Senior smokers imposed to give up or move out of their homes

Santa Cruz – The smoking war has reached a new and rather shocking height. The smokers are nowadays being exorcised from everywhere, even from their homes of many years.

The new flash of smokers’ discrimination occurred at San Lorenzo Park Apartments – complex for seniors where residents have been told to make a choice: they have to give up smoking within 3 months otherwise they would be evicted from their apartments. The new regulation has come like the bolt from the blue for those eighty-year-old seniors who began to puff on a cigarette when they were young people and even a thought of quitting had been like a crushing blow to them.

Smoking wars

One of those ruthful residents, Alice Welch, 85 year-old lady who has been smoking up to 20 cigarettes a day for the last 40 years, cried that either eviction or smoking cessation would be the end of her. She said the she had nowhere to go so she risked finding herself in the street with her wheel-chair. She added that she almost had a heart attack when was told of the choice she would have to make.

San Lorenzo Park Apartments is a residential complex for low-income lonely seniors, owned by Jack Baskin a longtime Santa Cruz resident and sponsored by the U.S. Department of Housing and Urban Development. The complex counting 78 units was opened in 1983, and residents were permitted to smoke inside their rooms and on their balconies until 2003.

However, according to Mary Tustin of the John Stewart Co, the organization that manages the residential complex from the moment of its opening, the ban on smoking for all newly-arrived residents was imposed in 2003, although the rules have not been changed for seniors who had already been living in the complex at the moment of that change.

Tustin stated that their company has received a great number of complaints from non-smoking residents regarding the cigarette smoke which was penetrating into rooms neighboring smoker’s units and even into hallways. She said that management tried to settle that issue by hanging out several warnings in last March and October where the administration urged smokers to give up smoking otherwise they would be deprived form all smoking privileges irrespective of how long they have lived in the complex.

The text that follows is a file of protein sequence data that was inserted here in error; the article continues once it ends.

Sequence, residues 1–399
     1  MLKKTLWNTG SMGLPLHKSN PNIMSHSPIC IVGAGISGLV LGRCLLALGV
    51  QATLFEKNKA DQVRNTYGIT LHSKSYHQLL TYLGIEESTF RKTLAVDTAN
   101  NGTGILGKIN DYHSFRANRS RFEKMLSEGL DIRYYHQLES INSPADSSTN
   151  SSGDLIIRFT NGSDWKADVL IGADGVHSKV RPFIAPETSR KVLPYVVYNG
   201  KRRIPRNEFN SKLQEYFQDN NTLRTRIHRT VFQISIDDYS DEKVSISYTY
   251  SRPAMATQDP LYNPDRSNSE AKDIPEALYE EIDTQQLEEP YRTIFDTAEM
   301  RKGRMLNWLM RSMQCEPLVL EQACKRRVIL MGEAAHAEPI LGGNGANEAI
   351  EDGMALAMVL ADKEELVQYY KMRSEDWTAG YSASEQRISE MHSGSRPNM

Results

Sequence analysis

Yet, earlier this month, the administration was once again piled up with complaints and appeals to save people from exposure to secondhand smoke, therefore, they have decided to issue the new regulation stating that all smoking residents have to give up the habit in 90 days or vacate their units. According to Ms. Tustin the new regulation was the only way to make everyone to comply.

She also said that the administration understood how difficult it would be for them to give up smoking, however the smoke was the cause of health complications for people suffering from asthma or for those non-smokers who found the smoke smell offensive.

Tucson added that smoking was one of those addictions that had a negative impact on other people, but smokers were not protected by the law since there was no “right to smoke” in the legislation.

State and federal courts of law have confirmed the fact that smoking is not a regulated and protected practice under Constitution of the United States.

The question is what this handful of about a half-dozen senior smokers at San Lorenzo Park Apartments would do? Smoking is the only remaining pleasure available for them.

San Lorenzo resident Dorothy Del Mar, 82, complained that she started smoking when got married to a Navy sailor during World War II. She remembered that when she was young smoking was regarded as stylish and glamorous and every girl who wanted to be cool smoked.

Of course she is aware about the health risks related to smoking, she anyway puffs on several times each day since it still gives great pleasure. Ms. Del Mar said that she knew it was an addiction but it has been giving her such a lift that she simply could not stop.

Welch, Del Mar and the other senior smokers will be still permitted to smoke in a diminutive area of the back garden, which is more than 50 feet away from the complex. Simply imagine those elderly ladies one in the wheel-chair and another with crutches go there each time they want to light up no matter whether it is snowing or raining.

James Anderson Merritt, the Forest Group vice-president named the situation with senior smokers as persecution and expulsion of smokers. He stated that throwing those octogenerians into the street, in order to punish them for their “politically incorrect” habit is unacceptable and notorious since smoking was promoted in the first decades of their lives.

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